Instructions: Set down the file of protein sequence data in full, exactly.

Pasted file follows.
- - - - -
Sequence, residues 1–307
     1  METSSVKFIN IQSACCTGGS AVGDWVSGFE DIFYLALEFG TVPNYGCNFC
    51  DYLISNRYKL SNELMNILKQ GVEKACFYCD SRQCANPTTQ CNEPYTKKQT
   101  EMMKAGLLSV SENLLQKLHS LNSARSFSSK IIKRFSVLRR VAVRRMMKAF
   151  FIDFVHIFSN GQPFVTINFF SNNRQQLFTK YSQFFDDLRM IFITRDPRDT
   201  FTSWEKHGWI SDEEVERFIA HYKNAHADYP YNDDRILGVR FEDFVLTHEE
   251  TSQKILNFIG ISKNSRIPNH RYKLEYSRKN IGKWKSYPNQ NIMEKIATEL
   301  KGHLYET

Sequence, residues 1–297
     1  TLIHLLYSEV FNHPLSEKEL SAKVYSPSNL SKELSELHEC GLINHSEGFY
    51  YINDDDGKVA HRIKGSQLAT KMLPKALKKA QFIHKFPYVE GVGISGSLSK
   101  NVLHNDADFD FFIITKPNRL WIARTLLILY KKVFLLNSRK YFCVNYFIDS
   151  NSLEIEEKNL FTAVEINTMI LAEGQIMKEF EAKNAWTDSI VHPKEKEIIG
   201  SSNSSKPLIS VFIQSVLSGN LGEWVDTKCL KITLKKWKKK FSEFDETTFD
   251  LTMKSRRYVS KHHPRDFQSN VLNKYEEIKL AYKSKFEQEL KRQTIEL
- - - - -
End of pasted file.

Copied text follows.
Sequence, residues 1–307
     1  METSSVKFIN IQSACCTGGS AVGDWVSGFE DIFYLALEFG TVPNYGCNFC
    51  DYLISNRYKL SNELMNILKQ GVEKACFYCD SRQCANPTTQ CNEPYTKKQT
   101  EMMKAGLLSV SENLLQKLHS LNSARSFSSK IIKRFSVLRR VAVRRMMKAF
   151  FIDFVHIFSN GQPFVTINFF SNNRQQLFTK YSQFFDDLRM IFITRDPRDT
   201  FTSWEKHGWI SDEEVERFIA HYKNAHADYP YNDDRILGVR FEDFVLTHEE
   251  TSQKILNFIG ISKNSRIPNH RYKLEYSRKN IGKWKSYPNQ NIMEKIATEL
   301  KGHLYET

Sequence, residues 1–297
     1  TLIHLLYSEV FNHPLSEKEL SAKVYSPSNL SKELSELHEC GLINHSEGFY
    51  YINDDDGKVA HRIKGSQLAT KMLPKALKKA QFIHKFPYVE GVGISGSLSK
   101  NVLHNDADFD FFIITKPNRL WIARTLLILY KKVFLLNSRK YFCVNYFIDS
   151  NSLEIEEKNL FTAVEINTMI LAEGQIMKEF EAKNAWTDSI VHPKEKEIIG
   201  SSNSSKPLIS VFIQSVLSGN LGEWVDTKCL KITLKKWKKK FSEFDETTFD
   251  LTMKSRRYVS KHHPRDFQSN VLNKYEEIKL AYKSKFEQEL KRQTIEL